(Photo credit: Hy Chalmé/Instagram)
Now that Hurricane Sandy has passed and the flood waters have begun to recede, we wanted to recap what we saw over the last 24 hours across the CloudFlare network.
Our network is designed to survive hurricanes and other natural disasters, so we were confident even if some of our data centers that were in the hurricane's path failed, traffic would immediately be transferred to the next closest facility. That said, our preference is always that all our data centers remain online and able to continue to serve traffic.
Yesterday morning our ops team met to plan for the potential loss of our facilities in Newark, NJ, which we refer to by the airport code EWR, and potentially Ashburn, VA, which we refer to by the airport code IAD. Our equipment is located in an Equinix facility in both locations and we confirmed that they had taken steps to ensure their systems were tested and as hurricane-ready as they could be.
Data centers are setup so that, if power from the grid is disrupted, they switch to stored backup power until generators can kick in. In EWR, power is stored in what are, effectively, a series of car batteries. Enough power is stored in the batteries that the data center can continue to run without a new source of power for several minutes. The diesel generators are setup to kick in within that time period, usually less than a minute after a power failure is detected. The generators are intended to be able to power the facilities indefinitely so long as there is sufficient fuel. Most of the data centers from which we operate worldwide are considered "critical infrastructure" and, during an emergency, they are second in line, behind only hospitals, for delivery of diesel fuel.
The generators at our EWR facility would get a test as the storm passed overhead. At 01:31 EDT, several hours after the storm had made landfall, we received notice EWR had lost grid power. As designed, power was immediately transferred to the batteries and then to the generators. The incident description read: "Equinix IBX reported a utility power disturbance and transferred customer loads to generator power. No customers have been impacted and Site Staff reports that sufficient fuel supplies are available. Next update will be when a significant change to the situation occurs." Our systems continued to run and we did not detect any power surge or interruption.
At 08:32 EDT, we received notice that one of the EWR generators had failed: "Equinix IBX reports customer loads are on generator power, however they have a loss of redundancy do to the failure of generator 4. Engineers are investigating the issue. Next update will be when a significant change to the situation occurs." Data centers are designed for redundancy, so losing a single generator would not cause a power loss. Our systems continued to function as normal and the functional generators continued to power our equipment throughout the day. At 19:09 EDT, 11 and a half hours after the generator originally kicked in, we received notice that grid power had been restored: "Equinix IBX AMFO reports that utility power has been restored."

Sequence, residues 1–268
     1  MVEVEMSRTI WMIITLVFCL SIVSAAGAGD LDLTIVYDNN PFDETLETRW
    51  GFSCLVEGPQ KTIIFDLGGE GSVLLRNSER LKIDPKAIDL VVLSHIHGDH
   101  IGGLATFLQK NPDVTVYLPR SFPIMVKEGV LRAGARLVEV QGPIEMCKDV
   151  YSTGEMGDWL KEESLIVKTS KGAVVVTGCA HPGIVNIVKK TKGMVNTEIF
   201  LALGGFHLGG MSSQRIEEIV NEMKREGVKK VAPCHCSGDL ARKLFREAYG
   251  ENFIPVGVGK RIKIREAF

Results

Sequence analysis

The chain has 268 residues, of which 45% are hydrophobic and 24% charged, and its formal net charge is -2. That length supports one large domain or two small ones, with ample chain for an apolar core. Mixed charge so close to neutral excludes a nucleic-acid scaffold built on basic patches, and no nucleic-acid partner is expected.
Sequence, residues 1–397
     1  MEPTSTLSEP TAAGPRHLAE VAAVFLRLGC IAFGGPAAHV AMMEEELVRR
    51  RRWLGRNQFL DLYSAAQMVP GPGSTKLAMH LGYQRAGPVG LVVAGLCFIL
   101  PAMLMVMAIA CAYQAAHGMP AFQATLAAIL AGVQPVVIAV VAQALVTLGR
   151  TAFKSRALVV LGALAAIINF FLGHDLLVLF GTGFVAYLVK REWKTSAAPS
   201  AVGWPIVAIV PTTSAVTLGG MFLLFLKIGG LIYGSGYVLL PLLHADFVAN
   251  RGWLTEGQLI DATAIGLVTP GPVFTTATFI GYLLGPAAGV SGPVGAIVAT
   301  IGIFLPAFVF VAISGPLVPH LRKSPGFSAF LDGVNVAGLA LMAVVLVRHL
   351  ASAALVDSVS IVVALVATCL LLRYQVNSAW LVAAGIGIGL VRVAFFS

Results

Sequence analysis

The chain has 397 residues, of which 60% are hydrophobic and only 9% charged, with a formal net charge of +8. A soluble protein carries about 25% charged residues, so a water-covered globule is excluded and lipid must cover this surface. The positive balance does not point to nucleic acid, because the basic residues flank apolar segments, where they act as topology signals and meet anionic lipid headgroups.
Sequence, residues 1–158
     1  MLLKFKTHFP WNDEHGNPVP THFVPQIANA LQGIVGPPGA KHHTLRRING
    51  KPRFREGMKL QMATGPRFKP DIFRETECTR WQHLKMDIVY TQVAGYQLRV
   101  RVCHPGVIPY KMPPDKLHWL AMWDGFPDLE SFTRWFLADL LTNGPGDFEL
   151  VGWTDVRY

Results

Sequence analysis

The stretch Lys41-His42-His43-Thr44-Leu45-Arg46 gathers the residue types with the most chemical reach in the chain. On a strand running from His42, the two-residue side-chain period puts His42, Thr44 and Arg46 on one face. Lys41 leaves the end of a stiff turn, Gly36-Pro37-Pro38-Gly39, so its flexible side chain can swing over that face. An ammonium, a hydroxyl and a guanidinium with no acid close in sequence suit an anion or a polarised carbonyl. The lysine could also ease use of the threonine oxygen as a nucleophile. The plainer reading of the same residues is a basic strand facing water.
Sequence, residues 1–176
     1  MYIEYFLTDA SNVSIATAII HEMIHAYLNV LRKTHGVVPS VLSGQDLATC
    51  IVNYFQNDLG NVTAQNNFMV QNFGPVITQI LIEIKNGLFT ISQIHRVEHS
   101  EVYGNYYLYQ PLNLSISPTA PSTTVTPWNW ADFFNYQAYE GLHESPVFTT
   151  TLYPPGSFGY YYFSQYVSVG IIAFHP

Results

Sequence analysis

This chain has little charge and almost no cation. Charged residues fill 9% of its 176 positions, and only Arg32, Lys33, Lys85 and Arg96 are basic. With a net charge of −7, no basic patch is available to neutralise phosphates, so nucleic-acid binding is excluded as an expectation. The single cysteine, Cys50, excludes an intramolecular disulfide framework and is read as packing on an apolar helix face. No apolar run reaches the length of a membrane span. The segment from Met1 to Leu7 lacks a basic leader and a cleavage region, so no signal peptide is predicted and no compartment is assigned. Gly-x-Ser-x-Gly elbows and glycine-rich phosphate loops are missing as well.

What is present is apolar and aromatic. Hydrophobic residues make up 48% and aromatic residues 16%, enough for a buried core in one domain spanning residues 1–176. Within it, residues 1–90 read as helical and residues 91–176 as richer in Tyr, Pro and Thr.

Elsewhere on the Internet
While we were fortunate that all of CloudFlare's facilities stayed online, other data centers and networks experienced issues. Around 02:10 EDT, our network ops team noticed a change in routing from traffic that usually transited via Level(3)'s Yellow/Atlantic Crossing-2 (AC-2) undersea cable. The cable runs from Bude, United Kingdom to Bellport, New York. While routing changed, it did not impact our customers and our network routed around the problem. We later confirmed with other network operators that AC-2 had experienced a failure.
Several regional data centers experienced outages which caused interruption to their customers' sites. In some cases, our customers had their origin data centers knocked offline. When this happens, CloudFlare's Always Online functionality kicks in and continues to serve a static version of the site until the origin is restored. The graph below illustrates the deviation from normal of websites that have triggered Always Online. At the height of the storm, beginning around 22:30 EDT and lasting until 00:30 EDT, we were 2.5 standard deviations above normal in terms of the sites on our network whose origin servers were offline but we were serving static copies of their sites.
One thing that was somewhat surprising is that traffic to our EWR and IAD data centers dropped less than 1% versus normal operations on a regular Monday night. We had speculated that with power outaged affecting a large number of homes and businesses throughout the Northeastern United States, traffic to the data centers would have been more impacted. Our speculation is that while fewer people may have been online, those that still had connectivity were glued to their computers and surfing more than usual.
Everyone at CloudFlare's thoughts are with the people of the Northeastern United States as they begin the process of cleaning up from this extremely destructive storm. Thanks to the police, fire fighters, rescue workers, and the teams on the ground in the region that kept the lights on and allowed us to continue to operate from the region uninterrupted.